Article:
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20 killed in renewed clashes in Kenya’s Kakuma refugee camp

November 1, 2014 (NAIROBI) – At least 20 more people have been killed in a renewed fighting over the weekend between various communities in Kakuma refugee camp in western part of Kenya of Turkana district, sources said.

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South Sudanese refugees at Kakuma refugee camp in Kenya, on 17 February 2014 (ST)

“Clashes occurred again on Friday and Saturday between the Nuer community and the communities of Great Lakes region who have forged an artificial alliance with the Dinka community,” Gai Duop, leader of the Nuer community in Kakuma refugee camp, told Sudan Tribune on phone on Saturday.

The clashes, he said, followed last week’s incident between Dinka and Nuer communities in which 8 Dinka members were reportedly beaten to death by angry Nuer youth after a Dinka man raped a 9-year old Nuer girl-child, leaving her in coma.

The refugees used sticks and machetes during the fighting which involved thousands from rival sides.

Sources from the United Nations, however, downplayed the number of casualties from the last week’s violence, reporting only one person who died in hospital.

However, the Nuer community leader accused the Dinka community of mobilising refugee communities from Congo, Burundi, Rwanda as their allies from the Great Lakes region, inciting yet another fierce clash over the weekend which he said left 4 Nuer members dead. Among the 4 one was shot dead by the Kenyan police, he explained.

11 others were also killed on the side of the Great Lakes and Dinka communities, he added.

“On our side we have lost 4 people. On the side of the Dinka and Great Lakes communities they have lost 11,” Duop said, adding that many more were also wounded on both sides.

He further added that 3 members of Turkana were allegedly killed by the Dinka community who attempted to blame it on the Nuer.

“The Dinka also went and killed three members of the Turkana community. I think their intention was to involve the Turkana community in the fighting by trying to turn them against the Nuer community too,” he claimed.

He however added that their initial contact on Saturday with elders from the Turkana community indicated that the Turkana elders accused the Dinka community in a camp section called Hong Kong, which is predominantly populated by the Dinka, of murdering their members.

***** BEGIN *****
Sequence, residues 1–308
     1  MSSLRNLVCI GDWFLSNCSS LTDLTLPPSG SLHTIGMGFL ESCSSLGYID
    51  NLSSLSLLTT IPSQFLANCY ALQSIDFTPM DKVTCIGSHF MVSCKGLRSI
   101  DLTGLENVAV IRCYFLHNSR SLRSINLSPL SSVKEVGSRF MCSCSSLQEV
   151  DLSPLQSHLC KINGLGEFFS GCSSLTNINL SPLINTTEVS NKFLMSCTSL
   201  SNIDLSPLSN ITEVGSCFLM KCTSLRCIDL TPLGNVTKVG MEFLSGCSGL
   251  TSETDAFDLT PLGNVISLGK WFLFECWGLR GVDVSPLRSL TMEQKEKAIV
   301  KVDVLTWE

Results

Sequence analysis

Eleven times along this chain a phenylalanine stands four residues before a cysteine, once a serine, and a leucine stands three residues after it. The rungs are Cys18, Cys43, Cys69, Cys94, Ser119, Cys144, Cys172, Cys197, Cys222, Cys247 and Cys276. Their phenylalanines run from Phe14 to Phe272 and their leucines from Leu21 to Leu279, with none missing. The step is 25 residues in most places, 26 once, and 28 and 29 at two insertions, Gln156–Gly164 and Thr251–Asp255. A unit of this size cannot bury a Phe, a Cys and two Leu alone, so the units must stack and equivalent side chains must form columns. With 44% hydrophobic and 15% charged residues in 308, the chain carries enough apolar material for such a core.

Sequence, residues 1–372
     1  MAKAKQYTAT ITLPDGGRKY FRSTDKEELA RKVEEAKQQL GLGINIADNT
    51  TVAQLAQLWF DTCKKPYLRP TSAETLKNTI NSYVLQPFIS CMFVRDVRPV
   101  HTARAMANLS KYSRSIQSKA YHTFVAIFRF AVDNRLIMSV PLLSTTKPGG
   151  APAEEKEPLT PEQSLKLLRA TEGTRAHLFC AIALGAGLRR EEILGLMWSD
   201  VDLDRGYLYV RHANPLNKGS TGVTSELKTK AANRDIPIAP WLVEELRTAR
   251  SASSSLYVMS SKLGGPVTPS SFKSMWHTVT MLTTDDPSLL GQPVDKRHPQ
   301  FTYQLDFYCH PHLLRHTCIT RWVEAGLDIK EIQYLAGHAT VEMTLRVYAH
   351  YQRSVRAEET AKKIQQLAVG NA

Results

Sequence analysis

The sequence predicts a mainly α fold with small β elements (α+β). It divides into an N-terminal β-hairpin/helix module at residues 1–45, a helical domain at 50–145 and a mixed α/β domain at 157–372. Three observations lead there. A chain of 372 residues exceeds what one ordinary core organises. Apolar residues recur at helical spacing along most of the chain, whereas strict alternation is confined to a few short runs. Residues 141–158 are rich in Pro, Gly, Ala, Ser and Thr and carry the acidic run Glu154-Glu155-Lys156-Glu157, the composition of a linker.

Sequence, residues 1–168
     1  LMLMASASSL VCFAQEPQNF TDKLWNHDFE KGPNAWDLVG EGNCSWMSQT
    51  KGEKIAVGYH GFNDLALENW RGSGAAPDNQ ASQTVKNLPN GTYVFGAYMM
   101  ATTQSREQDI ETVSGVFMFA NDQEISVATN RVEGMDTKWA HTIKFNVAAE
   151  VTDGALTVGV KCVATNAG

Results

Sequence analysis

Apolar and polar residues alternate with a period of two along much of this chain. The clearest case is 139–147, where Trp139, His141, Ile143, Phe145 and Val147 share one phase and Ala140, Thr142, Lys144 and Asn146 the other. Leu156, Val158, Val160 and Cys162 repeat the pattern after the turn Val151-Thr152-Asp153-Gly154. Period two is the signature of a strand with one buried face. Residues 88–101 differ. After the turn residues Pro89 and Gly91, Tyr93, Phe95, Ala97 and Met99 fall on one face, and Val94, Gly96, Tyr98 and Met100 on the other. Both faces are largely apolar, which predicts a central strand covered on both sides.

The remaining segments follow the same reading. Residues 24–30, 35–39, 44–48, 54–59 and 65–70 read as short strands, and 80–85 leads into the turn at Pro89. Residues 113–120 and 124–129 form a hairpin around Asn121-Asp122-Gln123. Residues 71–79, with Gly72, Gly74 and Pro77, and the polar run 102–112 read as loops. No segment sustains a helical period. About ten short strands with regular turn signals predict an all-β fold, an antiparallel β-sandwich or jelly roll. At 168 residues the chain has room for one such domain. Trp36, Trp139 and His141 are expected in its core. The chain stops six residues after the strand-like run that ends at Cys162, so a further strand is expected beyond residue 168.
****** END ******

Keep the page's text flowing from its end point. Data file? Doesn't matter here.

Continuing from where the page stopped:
United Nations officials in the camp were not reachable for comment on these tribal clashes.

Duop said calm has however returned to the refugee camp after police intervention.

He further said they have already accepted the approach by elders of the Great Lakes region to make peace with the Nuer community and that the Kenyan police had already communicated to the Nuer elders the immediate need for reconciliation.

“Our community has accepted the offer for reconciliation with communities from the Great Lakes region and the Dinka,” he said, adding that the latest clashes started when a motorist from Congolese community overran a Nuer child with a motorbike, an incident which he said was explicitly a provocative move to start the fight.

He however lamented that dozens from the Nuer community were arrested by the Kenyan police and taken to different prisons, calling on the United Nations and Kenyan authorities to release them.

Sudan Tribune could not reach leaders of the rival Dinka and Great Lakes region for comments.

Last week, officials said one person died and over eight others were seriously injured when South Sudanese rival communities clashed at the camp in western Kenya.

The clash between Nuer and Dinka communities, the largest and belligerent ethnic groups in South Sudan reportedly occurred when a 9-year old Nuer girl-child was allegedly raped by a Dinka man, leaving her in critical condition.

Kenyan police arrested the suspect, but later released him, stirring widespread anger among the Nuer youth who went to forcefully capture the freed man. This sparked off clashes between the two rival communities.

A spokesperson for the UN refugee agency (UNHCR) in Kenya confirmed last week’s clashes, saying it was in retaliation to alleged raped of a nine year-old girl in the camp.

“One person was killed [but] we are still trying to find out from the community,” said Emmanuel Nyabera, adding “eight others were injured”.

Kakuma camp is the biggest habitat for refugees hosting 180,000 people from different nations. There are about 90,000 South Sudanese living in the camp.